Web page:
To establish a prima facie case of failure to promote on the basis of race, Honor must establish that he (1) is a member of a protected class; (2) applied for the position in question; (3) was qualified for the position; and (4) was rejected for the position under circumstances giving rise to an inference of unlawful discrimination. Amirmokri v. Baltimore Gas and Elec. Co., 60 F.3d 1126, 1129 (4th Cir. 1995). An employer may rebut a prima facie case by demonstrating that the person promoted was better-qualified for the position. Id. The employee can then attempt to prove that the employer's articulated reason for promoting the successful applicant was pretextual. Id.
Honor concedes that the only position to which his selection would have constituted a promotion was that of CHRO. He asserts that he informally expressed interest in the CHRO position in October 2001. Booz Allen filled the CHRO position with Horacio Rozanski, the then-Chief Human Resources Officer for Booz Allen's WCB. Rozanski is a Hispanic-American.
Honor produces no evidence demonstrating that Booz Allen's proffered reasons for selecting Rozanski were pretextual. Booz Allen asserts that Rozanski's prior client services with WCB made him a superior candidate. Honor admits that he did not possess such experience. He does not establish that Booz Allen's crediting of Rozanski's experience in that area was a pretext for discrimination. See O'Connor v. Consolidated Coin Caterers Corp., 84 F.3d 718, 719 (4th Cir. 1996).
The district court properly granted summary judgment on Honor's hostile environment claim.
To demonstrate a racially-hostile work environment, Honor must show that he was the subject of conduct that was (1) unwelcome; (2) based on race; (3) sufficiently severe or pervasive to alter the conditions of employment and create an abusive atmosphere; and that (4) there is some basis for imposing liability on the employer. Spriggs v. Diamond Auto Glass, 242 F.3d 179, 183-84 (4th Cir. 2001). The district court found that the conduct about which Honor complained was not motivated by Honor's race and, in any case, was not sufficiently severe or pervasive to alter his condition employment or create an abusive atmosphere.
Honor's hostile work environment claim is based largely on his assertions that Callahan is biased against African-Americans and sought to undermine the careers of other African-Americans at Booz Allen as well as Honor's efforts to recruit additional African-American employees. Honor also cites the general culture at Booz Allen as one that tolerates discrimination, contains a glass ceiling for African-Americans and refuses to implement change.
However, there is no evidence in the record, nor does Honor allege, that Callahan or anyone else directed any racially-offensive conduct at Honor himself. Honor makes much of the treatment of other Booz Allen employees, but we focus on Honor's personal experience. See Lowery v. Circuit City Stores, Inc., 158 F.3d 742, 761 (4th Cir. 1998) ("[A]n individual plaintiff in a private, non-class action alleging employment discrimination is not litigating common questions of fact, but the discrete question of whether the employer discriminated against the plaintiff in a specific instance."), vacated on other grounds, 527 U.S. 1031, 119 S.Ct. 2388, 144 L.Ed.2d 790 (1999); Childress v. City of Richmond, 907 F.Supp. 934, 940 (E.D.Va. 1995), aff'd in part, 134 F.3d 1205 (4th Cir. 1998) (en banc), cert. denied, 524 U.S. 927, 118 S.Ct. 2322, 141 L.Ed.2d 696 (1998); see also Schrand v. Federal Pac. Elec. Co., 851 F.2d 152, 156 (6th Cir. 1988) (citing Haskell v. Kaman Corp., 743 F.2d 113, 121-22 (2d Cir. 1984)) (holding that testimony by other employees regarding their terminations was irrelevant and prejudicial).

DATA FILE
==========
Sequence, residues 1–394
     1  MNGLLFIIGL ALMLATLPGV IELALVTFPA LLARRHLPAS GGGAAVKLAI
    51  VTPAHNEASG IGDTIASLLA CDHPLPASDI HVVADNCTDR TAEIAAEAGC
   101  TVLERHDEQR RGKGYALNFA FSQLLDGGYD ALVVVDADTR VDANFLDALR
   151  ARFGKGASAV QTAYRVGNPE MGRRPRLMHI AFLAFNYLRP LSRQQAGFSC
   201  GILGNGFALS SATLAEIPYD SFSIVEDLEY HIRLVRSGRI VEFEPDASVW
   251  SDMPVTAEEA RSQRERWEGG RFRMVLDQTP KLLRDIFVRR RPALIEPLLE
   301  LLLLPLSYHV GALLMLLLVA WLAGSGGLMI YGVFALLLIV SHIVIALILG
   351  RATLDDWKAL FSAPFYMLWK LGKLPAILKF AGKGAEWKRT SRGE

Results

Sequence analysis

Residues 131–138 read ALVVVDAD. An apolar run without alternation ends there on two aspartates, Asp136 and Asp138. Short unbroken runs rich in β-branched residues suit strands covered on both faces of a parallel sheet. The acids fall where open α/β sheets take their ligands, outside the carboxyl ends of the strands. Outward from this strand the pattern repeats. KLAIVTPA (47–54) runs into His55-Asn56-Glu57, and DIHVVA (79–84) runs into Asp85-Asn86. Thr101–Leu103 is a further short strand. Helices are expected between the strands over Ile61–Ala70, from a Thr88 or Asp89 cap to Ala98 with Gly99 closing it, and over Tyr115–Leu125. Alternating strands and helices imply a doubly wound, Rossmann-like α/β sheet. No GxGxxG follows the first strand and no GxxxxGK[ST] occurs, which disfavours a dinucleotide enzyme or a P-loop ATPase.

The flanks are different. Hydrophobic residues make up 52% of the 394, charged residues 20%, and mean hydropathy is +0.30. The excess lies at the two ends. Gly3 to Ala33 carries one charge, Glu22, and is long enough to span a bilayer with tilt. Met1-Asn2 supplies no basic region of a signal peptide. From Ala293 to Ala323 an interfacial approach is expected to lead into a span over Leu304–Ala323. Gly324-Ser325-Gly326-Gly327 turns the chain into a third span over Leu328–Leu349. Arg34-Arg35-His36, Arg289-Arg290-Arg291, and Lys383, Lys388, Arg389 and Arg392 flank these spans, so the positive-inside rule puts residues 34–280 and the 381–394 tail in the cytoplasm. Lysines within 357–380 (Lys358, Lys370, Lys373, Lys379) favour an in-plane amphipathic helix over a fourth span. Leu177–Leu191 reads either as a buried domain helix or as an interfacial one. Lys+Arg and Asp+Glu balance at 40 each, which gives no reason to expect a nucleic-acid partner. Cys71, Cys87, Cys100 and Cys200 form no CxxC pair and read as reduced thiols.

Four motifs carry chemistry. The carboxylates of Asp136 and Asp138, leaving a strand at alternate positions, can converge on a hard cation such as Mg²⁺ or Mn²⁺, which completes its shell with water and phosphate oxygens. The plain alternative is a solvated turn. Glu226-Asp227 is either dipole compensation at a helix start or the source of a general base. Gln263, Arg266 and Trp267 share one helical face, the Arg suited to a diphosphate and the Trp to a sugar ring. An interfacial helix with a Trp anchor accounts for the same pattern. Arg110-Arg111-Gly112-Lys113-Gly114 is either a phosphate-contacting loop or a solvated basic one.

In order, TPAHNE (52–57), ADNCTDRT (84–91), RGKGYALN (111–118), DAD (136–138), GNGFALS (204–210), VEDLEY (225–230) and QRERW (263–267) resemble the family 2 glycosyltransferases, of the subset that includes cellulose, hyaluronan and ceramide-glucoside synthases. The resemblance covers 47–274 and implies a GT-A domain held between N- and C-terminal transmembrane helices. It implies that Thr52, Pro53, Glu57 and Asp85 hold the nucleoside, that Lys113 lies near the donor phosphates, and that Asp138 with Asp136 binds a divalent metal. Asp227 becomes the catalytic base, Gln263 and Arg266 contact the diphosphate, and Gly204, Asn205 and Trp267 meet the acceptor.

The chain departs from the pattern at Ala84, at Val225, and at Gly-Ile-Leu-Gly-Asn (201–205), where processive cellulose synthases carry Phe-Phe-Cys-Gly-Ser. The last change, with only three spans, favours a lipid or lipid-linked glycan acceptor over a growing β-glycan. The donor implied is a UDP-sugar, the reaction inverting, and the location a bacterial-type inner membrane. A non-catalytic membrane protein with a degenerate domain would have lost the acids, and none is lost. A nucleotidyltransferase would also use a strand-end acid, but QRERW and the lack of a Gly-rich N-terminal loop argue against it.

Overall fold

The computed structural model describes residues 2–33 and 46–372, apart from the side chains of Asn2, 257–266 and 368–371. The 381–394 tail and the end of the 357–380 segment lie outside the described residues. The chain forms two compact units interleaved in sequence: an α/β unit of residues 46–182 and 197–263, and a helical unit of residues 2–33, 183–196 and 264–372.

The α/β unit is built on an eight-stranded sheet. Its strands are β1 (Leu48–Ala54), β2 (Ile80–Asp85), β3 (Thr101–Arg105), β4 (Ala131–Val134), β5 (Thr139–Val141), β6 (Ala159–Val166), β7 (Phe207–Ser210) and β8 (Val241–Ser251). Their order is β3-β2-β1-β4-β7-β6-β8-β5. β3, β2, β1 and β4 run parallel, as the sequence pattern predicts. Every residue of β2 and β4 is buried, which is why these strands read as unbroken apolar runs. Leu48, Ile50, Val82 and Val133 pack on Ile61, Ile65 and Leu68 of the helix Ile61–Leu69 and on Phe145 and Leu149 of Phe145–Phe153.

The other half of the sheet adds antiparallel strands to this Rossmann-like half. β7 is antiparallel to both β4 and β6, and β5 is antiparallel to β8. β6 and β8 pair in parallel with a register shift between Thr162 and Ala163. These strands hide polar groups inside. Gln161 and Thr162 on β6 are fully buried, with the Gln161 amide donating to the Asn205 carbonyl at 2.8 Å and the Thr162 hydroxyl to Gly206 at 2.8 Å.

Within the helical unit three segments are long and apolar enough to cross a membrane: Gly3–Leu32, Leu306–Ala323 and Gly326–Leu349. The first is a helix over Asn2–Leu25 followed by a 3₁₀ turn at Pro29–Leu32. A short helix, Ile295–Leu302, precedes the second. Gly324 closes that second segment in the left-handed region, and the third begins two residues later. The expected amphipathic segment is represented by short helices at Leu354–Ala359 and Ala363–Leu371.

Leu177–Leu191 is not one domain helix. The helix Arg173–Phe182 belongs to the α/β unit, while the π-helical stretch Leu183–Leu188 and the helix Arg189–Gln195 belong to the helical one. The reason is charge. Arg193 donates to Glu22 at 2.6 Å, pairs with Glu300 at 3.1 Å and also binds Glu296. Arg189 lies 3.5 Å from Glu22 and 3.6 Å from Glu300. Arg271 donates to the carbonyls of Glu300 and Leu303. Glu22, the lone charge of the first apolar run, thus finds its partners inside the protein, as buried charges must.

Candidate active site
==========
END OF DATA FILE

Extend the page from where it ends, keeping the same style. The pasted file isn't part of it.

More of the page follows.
At oral argument, Honor's counsel directed us to an October 17, 2001 letter Honor wrote to Strickland. The letter is Honor's response to a critical competency assessment he received and, according to counsel, inventories the complaints that make up Honor's hostile work environment claim.
The letter discusses the "friction" between Honor and Callahan, including her "litany of lies, innuendos, and personal attacks," as well as her "personal integrity . . ., veracity" and "value system with exhibited dysfunctional behaviors." [J.A. 247.] According to Honor, one Booz Allen employee referred to Callahan as "[t]he most evil person I have ever met." [J.A. 238.] Honor also explains that his situation with Callahan is the first time in his career he has experienced "personal relationship issues."
Even if a jury believed that Honor's complaints evince some hostility towards his recruiting agenda and/or him personally, there is nothing in his letter or the record to support the notion that this hostility was generated on account of Honor's race. Although Honor makes a general reference to the "years of U.S. history regarding the killing and character assassinations of thousands of men of African descent because of ill motivated Caucasian females," [J.A. 239], Honor concedes that "no one in the Booz Allen workplace used racial epithets, racially derogatory terms, or demeaning racial characteristics, or stereotypes with respect to him or any other persons, in his presence." [J.A. 125.] At most, the record contains a hearsay statement that Callahan once stated in reference to Honor that, "she didn't know how to work with an African-American male." Assuming this statement is accurate, and that Honor was aware of it prior to this litigation, it is not "sufficiently severe and pervasive" to create an objectively abusive atmosphere. See Spriggs, 242 F.3d at 184 (examining the frequency of discriminatory conduct, its severity, whether it is physically threatening or humiliating, or mere offensive utterance and whether it unreasonably interferes with employee's work performance).
Like his constructive discharge claim, Honor's hostile work environment claim fails because it is based on professional frustrations, not personal racial attacks. A reasonable jury could not find that Honor was subject to a racially hostile work environment at Booz Allen.